learned that she has cousins somewhere in Baltimore with the last name of
“Jaffe.” Finding that family is now Laya Bitman’s focus. This discovery could
sprout more branches of her growing family tree.
Beginning your own researchDeborah Weiner, research
historian and family history coordinator for the Jewish Museum of Maryland,
suggests beginning with living relatives and finding out what they know. Since,
she says, “family stories are not always factual,” don’t be discouraged if your
research reveals something that contradicts what a family member has told you.
Sometimes names were changed and family members may not have known.
The Jewish Museum of Maryland Robert L. Weinberg Family History Center has
family genealogical records going back three generations in Maryland. They have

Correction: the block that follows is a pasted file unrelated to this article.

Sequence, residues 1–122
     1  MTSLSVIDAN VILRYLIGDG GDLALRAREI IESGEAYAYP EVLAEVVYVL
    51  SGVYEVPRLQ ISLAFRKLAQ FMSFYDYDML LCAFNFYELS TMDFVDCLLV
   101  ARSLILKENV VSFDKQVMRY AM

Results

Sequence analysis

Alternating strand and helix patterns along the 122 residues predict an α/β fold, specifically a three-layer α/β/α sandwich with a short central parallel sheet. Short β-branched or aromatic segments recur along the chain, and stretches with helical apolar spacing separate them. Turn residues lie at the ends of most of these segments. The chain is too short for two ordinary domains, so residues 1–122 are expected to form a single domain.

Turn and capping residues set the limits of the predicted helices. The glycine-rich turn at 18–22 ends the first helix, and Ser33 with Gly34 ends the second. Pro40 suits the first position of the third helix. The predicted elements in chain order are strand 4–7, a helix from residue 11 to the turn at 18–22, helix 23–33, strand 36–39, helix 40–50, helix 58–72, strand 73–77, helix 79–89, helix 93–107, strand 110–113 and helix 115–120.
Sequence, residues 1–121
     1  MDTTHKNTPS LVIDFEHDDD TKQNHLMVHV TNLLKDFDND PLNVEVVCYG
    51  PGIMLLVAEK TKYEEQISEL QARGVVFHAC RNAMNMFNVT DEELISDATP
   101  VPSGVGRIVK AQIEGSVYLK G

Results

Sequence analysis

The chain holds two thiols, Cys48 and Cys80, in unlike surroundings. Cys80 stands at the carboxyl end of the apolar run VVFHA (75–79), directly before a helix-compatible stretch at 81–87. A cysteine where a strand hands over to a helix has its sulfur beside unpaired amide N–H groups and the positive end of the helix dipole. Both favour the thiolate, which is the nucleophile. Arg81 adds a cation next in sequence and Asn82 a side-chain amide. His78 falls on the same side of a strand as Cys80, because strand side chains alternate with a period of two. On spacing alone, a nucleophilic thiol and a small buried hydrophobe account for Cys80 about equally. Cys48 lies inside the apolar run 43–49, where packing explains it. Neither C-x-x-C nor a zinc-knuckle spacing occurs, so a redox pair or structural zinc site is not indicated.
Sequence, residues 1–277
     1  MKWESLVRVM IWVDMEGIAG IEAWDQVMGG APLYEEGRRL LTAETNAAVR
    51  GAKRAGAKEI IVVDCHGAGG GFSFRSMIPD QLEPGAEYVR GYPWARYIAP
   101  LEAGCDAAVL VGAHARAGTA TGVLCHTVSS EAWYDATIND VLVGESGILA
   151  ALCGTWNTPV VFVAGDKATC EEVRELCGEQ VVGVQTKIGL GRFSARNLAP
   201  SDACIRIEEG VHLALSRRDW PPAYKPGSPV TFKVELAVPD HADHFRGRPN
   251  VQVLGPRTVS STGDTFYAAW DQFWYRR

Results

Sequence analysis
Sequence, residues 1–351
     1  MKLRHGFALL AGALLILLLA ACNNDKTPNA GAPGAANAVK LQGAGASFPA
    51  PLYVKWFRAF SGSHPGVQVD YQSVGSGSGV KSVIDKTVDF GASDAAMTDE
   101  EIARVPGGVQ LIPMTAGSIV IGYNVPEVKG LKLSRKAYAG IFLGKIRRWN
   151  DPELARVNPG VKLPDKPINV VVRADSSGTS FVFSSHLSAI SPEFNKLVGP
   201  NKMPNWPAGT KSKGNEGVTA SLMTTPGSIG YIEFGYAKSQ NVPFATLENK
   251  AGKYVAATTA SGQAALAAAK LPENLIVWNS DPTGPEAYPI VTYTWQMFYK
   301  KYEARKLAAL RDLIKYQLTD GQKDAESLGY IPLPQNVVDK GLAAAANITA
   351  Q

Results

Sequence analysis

also spent a lot of time building its cemetery records of the Jewish cemeteries
in Maryland. “Knowing someone’s date of death can be key to accessing other
pertinent information,” notes Weiner.
The Center is open for research by appointment and members can use the
facilities for free; non-members pay $5. A research-by-mail service is also
available and the museum staff is happy to answer short, simple research queries
free of charge via phone or e-mail. For more substantial requests, a fee is
When in doubt, call in a professional Lynn Weisberg’s genealogical
journey began with the discovery of her father’s scrapbook, filled with
artifacts of his life and family, when it fell from a closet shelf. Weisberg
decided to find out more about the people in the album. That was in 1974.